Propagating Orchids at Home is easy as long as you know how to do it right. Follow our guide for all the details to multiply this beautiful flower!
This gorgeous epiphyte is low-maintenance in nature and becomes a great houseplant if provided with the right conditions and growing medium. Also, it is expensive, so if you want to multiply the one you have–easily, to have more for yourself or your friends, then follow our guide on Propagating Orchids at Home easily!
How to Multiply Orchids – The Right Time
The best time to multiply this lovely flowering plant is in fall or spring. Mostly, the plant begins its growth cycle in spring and summer, and it is best to propagate during this time when it can grow new roots quickly.
How to Multiply Orchids from Cuttings?
Propagating via cuttings is one of the simplest ways to multiply orchids. Do remember that single-stem orchids grow the best from this method and Noble Dendrobium (Dendrobium nobile) is a perfect candidate for this.
- Take a tray that is about 3-4 inches deep and fill it with a combination of damp sand and sphagnum moss.
- Then, take a 10-12 inches long stem near the base of the orchid, right below the node. Now, clip it into 2-3 sections, making sure each one has at least one node.
- Dip the end in a rooting hormone and plant the cutting into the growing medium.
- Now, cover the tray with a transparent plastic bag and put it in a warm spot where it can receive bright but indirect sunlight for 4-6 hours every day.
- The cuttings will start to show new plantlets from their nodes in 5-8 weeks.
- Here’s a great video you can check out.
How to Multiply Orchids from Division?
You can also multiply orchids by dividing them. However, only sympodial orchids can be divided into more orchids since they grow sideways across the pot’s top. Orchids should only be divided when the mother plant has grown too big to handle or when the rhizomes are forming a tangled mess.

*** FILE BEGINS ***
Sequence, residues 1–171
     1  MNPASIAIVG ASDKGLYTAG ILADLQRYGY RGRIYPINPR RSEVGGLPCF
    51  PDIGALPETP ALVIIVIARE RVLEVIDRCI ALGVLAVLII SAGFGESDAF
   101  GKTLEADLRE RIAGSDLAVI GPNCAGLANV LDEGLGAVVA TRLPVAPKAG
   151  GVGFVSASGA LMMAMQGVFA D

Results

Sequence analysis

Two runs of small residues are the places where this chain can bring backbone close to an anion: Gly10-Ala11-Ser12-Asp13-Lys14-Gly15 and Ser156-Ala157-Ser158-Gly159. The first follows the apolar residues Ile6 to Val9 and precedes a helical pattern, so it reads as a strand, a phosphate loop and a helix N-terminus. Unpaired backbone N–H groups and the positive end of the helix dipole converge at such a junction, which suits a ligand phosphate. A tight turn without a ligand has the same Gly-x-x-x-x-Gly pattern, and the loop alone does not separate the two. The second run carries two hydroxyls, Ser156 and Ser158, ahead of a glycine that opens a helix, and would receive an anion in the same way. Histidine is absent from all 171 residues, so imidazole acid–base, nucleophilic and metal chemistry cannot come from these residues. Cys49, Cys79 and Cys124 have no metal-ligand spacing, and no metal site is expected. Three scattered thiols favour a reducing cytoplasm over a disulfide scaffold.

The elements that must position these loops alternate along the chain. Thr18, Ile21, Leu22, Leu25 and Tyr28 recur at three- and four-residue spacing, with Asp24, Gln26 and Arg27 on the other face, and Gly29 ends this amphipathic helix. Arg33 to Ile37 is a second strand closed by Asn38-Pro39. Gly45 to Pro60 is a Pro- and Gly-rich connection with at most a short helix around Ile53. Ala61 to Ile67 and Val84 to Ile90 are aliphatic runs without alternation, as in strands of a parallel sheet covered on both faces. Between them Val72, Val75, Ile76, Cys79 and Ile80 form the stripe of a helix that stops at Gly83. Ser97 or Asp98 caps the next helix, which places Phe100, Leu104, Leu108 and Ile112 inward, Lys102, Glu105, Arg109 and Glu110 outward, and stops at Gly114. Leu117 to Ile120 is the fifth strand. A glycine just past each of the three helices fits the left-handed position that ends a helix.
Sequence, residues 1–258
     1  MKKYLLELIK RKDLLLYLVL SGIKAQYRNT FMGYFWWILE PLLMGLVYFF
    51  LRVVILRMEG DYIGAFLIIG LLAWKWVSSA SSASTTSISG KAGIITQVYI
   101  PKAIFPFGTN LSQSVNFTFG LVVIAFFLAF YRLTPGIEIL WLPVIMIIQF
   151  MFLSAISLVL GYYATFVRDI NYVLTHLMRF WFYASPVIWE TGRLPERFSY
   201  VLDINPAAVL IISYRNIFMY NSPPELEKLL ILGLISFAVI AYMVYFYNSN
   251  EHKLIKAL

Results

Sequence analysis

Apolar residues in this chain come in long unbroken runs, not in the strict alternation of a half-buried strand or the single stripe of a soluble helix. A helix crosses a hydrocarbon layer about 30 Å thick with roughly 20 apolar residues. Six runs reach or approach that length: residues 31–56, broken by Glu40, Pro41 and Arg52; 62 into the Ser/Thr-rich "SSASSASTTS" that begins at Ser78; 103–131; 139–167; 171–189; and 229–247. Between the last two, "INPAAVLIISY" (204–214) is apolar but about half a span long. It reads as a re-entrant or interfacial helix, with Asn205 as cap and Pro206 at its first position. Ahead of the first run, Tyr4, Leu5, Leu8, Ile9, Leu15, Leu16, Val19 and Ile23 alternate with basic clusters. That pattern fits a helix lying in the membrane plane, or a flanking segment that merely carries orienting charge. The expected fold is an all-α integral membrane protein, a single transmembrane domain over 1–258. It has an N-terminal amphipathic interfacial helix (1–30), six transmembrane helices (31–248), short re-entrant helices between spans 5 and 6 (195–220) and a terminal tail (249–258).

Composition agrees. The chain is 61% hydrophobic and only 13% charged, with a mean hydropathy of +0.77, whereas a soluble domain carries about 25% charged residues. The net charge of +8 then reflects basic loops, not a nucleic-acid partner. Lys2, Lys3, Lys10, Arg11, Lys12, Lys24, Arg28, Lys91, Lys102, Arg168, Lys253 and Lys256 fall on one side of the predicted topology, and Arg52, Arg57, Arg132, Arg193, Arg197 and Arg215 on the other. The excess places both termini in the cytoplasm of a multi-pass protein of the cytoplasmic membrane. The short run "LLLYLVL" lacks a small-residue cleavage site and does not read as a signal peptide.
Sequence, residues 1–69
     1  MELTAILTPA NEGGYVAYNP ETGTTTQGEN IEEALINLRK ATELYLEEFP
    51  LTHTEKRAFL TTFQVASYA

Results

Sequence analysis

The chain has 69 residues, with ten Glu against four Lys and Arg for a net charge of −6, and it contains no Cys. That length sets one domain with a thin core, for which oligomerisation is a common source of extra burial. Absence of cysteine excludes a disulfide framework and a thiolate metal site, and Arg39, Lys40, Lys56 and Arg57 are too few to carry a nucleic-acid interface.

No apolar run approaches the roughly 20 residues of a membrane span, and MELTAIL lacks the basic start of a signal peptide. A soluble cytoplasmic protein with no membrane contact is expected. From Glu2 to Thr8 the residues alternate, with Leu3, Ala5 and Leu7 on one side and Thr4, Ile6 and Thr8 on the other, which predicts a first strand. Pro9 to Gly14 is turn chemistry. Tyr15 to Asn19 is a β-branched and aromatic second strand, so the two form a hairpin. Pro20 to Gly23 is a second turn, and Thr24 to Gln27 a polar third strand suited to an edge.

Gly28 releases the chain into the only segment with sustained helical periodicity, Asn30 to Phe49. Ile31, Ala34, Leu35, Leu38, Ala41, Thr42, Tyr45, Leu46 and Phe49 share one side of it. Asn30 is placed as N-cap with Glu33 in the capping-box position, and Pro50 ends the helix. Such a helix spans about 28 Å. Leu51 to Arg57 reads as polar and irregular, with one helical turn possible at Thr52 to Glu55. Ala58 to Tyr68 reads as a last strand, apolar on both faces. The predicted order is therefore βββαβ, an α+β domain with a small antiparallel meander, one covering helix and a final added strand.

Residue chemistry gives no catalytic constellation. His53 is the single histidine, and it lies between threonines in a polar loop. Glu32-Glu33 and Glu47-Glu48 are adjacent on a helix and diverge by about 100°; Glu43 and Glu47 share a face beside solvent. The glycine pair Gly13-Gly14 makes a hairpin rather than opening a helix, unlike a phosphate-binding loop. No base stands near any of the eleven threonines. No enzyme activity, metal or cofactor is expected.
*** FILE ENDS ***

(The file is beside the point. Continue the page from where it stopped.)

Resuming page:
- Divide the mother plant into 2-3 sections. Make sure each division has 3 to 4 pseudobulbs.
- Plant these divisions into individual pots filled with sphagnum moss or coconut husk/coir. Keep them at a location where they get plenty of bright but indirect light.
How to Multiply Orchids with Keiki (Pups)?
Keiki is a baby plant that sprouts on the stem of mature orchids like phalaenopsis. You can use these to grow new orchids.
- Leave the Keiki on the stem until you see a few inches long roots extending from it.
- Once the Keiki has developed a few leaves, it is ready to be separated from the mother orchid.
- Cut the area of the orchid stem where the roots have sprouted and pot it.
- Mist and keep it at a location that gets plenty of bright and indirect light.
How to Multiply Orchids from Back Bulbs?
When orchids bloom, their older stems, called back bulbs, become lifeless and lose all leaves. Leaving the back bulbs in the pot won’t do any good because there is little chance of new growth. However, once removed and handled properly, these can produce fresh orchids. Just follow the steps below to learn how to multiply orchids from back bulbs.
- Cut the back bulbs that no longer bear leaves from the mother plant.
- Prepare a plastic bag filled with a 2-inch layer of damp sphagnum moss.
- Place the back bulbs in the plastic bag with 1/4th of their bottoms buried inside the sphagnum moss.
- Seal the plastic bag and put it in a spot with indirect sunlight or scattered light with a temperature range of (70-75°F / 21-24°C).
After two months, the back bulbs will show new growth. When the leaves are a few inches long, transplant these into a shallow container and keep them in diffused light. Over the next few months, these will grow and become ready for their individual pots.
Propagating Orchids at Home – Aftercare
To ensure that your orchid cuttings are growing well, you need to water the new orchids until it drains out from the drainage holes when the growing medium feels dry.
Feed the new ones using a balanced liquid fertilizer, diluted to 1/4 of its strength, once in 4-6 weeks.